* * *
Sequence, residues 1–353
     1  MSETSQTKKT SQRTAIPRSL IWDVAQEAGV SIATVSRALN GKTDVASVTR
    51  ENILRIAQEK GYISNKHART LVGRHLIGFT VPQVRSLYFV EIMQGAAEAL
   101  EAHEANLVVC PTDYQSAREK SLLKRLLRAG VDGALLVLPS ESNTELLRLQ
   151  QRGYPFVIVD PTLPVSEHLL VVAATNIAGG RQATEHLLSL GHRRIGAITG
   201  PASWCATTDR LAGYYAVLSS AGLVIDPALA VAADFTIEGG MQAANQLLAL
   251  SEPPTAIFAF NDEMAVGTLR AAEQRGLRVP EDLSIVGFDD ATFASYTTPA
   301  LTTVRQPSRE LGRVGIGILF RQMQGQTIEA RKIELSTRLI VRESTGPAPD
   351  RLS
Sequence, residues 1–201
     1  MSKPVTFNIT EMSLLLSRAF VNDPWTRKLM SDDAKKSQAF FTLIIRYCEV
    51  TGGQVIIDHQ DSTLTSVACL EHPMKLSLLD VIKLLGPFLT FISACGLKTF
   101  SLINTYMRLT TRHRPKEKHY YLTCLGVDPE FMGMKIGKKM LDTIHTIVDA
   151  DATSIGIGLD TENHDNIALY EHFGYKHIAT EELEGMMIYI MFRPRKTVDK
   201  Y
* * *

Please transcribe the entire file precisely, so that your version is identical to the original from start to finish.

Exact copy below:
Sequence, residues 1–353
     1  MSETSQTKKT SQRTAIPRSL IWDVAQEAGV SIATVSRALN GKTDVASVTR
    51  ENILRIAQEK GYISNKHART LVGRHLIGFT VPQVRSLYFV EIMQGAAEAL
   101  EAHEANLVVC PTDYQSAREK SLLKRLLRAG VDGALLVLPS ESNTELLRLQ
   151  QRGYPFVIVD PTLPVSEHLL VVAATNIAGG RQATEHLLSL GHRRIGAITG
   201  PASWCATTDR LAGYYAVLSS AGLVIDPALA VAADFTIEGG MQAANQLLAL
   251  SEPPTAIFAF NDEMAVGTLR AAEQRGLRVP EDLSIVGFDD ATFASYTTPA
   301  LTTVRQPSRE LGRVGIGILF RQMQGQTIEA RKIELSTRLI VRESTGPAPD
   351  RLS
Sequence, residues 1–201
     1  MSKPVTFNIT EMSLLLSRAF VNDPWTRKLM SDDAKKSQAF FTLIIRYCEV
    51  TGGQVIIDHQ DSTLTSVACL EHPMKLSLLD VIKLLGPFLT FISACGLKTF
   101  SLINTYMRLT TRHRPKEKHY YLTCLGVDPE FMGMKIGKKM LDTIHTIVDA
   151  DATSIGIGLD TENHDNIALY EHFGYKHIAT EELEGMMIYI MFRPRKTVDK
   201  Y